A growing shelf of documentaries find filmmakers on a quest to understand their parents’ secrets, and by extension, themselves, but few of those quests are as directly about that theme as “The Man Nobody Knew: In Search of My Father, CIA Spymaster William Colby.” What secrets did Carl Colby’s father keep? Everybody’s. In a way, it’s biography as autobiography: how was I shaped by the man who shaped key episodes of American clandestine activities for decades? Talking to more than eighty interview subjects, Colby fils tries to understand how his father kept his composure from the time of the OSS, predecessor service to the CIA, through the Vietnam War, to his tenure as chief from 1973 to 1976. (His successor, after secrets were disclosed and he testified before Congressional hearings, was George H. W. Bush.) It’s an ambitious task the film has set out to accomplish: to refract the moral dilemmas of twentieth-century United States through one man’s quiet doings, and with an intoxicating weave of detail, largely succeeds. It’s not only the testimony by former Company men, sleek-groomed elders, but a vibrant taste in archival footage. Colby’s not a fictional character, like John le Carre’s taciturn Smiley in “Tinker, Tailor, Soldier, Spy,” but his look does embody the mild, slightly patrician look of a bureaucrat that cloaks many an internal conflict. The younger Colby coolly says, “I’m not sure he ever loved anyone, and I never heard him say anything heartfelt.” Even acknowledging that, Colby never gets to the heart of Colby, unknowable even beyond the grave. With Zbigniew Brzezinski, Seymour Hersh, Bob Kerrey, Walter Pincus, Donald H. Rumsfeld, Daniel Schorr, Gen. Brent Scowcroft, USAF, Judge Laurence Silberman, Evan Thomas, Judge William Webster, Bob Woodward. 104m. (Ray Pride)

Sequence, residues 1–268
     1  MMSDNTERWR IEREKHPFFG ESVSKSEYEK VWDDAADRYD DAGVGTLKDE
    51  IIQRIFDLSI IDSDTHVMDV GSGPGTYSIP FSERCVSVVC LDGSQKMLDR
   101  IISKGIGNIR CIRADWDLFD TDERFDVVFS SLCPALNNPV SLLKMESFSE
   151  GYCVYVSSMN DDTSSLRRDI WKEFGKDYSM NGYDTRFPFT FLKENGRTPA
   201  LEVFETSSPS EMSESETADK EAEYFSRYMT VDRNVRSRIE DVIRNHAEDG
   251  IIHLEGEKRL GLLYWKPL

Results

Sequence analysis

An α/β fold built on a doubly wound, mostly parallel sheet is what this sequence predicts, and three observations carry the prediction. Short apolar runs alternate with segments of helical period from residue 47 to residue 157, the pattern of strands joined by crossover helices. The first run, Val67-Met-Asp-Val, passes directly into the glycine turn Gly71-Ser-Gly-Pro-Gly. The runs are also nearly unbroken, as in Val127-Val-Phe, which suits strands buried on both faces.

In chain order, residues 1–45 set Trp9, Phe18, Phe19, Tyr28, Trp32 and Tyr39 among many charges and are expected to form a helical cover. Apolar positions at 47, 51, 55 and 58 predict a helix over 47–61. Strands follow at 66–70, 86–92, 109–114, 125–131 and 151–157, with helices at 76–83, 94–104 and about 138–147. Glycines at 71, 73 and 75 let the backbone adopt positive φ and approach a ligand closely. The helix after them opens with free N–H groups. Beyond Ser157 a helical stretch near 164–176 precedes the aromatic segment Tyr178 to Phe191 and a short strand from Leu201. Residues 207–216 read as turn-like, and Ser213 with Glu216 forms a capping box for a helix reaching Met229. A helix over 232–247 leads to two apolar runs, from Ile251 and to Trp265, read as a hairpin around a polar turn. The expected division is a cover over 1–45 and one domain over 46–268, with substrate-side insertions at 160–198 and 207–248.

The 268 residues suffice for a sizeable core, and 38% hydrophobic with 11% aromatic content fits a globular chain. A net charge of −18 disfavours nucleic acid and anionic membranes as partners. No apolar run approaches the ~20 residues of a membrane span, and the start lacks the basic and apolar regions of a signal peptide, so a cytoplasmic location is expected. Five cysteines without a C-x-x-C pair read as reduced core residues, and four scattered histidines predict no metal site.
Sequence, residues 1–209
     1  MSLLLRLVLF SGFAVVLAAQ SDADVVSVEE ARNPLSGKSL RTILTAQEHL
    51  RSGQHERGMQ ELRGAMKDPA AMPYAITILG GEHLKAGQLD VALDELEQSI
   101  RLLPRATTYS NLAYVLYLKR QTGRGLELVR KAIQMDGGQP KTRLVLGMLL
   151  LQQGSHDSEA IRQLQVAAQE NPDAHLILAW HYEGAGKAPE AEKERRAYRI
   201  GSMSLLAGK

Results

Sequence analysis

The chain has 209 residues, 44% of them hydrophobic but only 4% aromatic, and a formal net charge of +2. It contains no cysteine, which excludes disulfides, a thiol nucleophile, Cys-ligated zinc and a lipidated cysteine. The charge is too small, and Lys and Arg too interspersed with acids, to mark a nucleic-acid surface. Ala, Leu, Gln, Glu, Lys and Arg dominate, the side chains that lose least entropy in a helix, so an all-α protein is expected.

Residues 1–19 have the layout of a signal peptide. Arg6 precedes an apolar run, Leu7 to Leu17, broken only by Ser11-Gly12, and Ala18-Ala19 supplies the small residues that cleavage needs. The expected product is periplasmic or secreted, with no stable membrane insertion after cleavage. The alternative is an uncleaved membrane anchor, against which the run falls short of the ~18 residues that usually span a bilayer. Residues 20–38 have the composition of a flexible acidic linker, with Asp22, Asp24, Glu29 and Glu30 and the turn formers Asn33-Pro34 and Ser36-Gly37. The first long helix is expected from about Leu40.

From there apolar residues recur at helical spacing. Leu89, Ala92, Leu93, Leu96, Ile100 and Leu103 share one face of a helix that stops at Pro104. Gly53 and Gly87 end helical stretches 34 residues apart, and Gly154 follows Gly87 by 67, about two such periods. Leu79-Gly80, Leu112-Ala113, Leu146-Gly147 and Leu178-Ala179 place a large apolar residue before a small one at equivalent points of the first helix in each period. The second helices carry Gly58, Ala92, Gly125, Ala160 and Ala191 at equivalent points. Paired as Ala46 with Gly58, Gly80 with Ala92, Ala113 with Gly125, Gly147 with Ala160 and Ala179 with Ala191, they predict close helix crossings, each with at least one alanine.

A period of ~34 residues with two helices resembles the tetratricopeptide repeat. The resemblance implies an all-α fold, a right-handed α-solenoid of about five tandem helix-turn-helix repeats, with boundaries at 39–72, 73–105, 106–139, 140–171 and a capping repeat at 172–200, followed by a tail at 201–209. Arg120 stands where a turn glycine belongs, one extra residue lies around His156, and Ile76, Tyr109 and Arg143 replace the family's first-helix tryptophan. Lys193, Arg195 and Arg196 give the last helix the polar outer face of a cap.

“The Man Nobody Knew: In Search Of My Father, CIA Spymaster William Colby” plays Friday-Saturday, Monday and Wednesday at Siskel. Carl Colby will appear at the Friday and Saturday screenings.
Ray Pride is Newcity’s film critic and a contributing editor to Filmmaker magazine.
His history of Chicago “Ghost Signs” in words and images will be published in Spring 2022.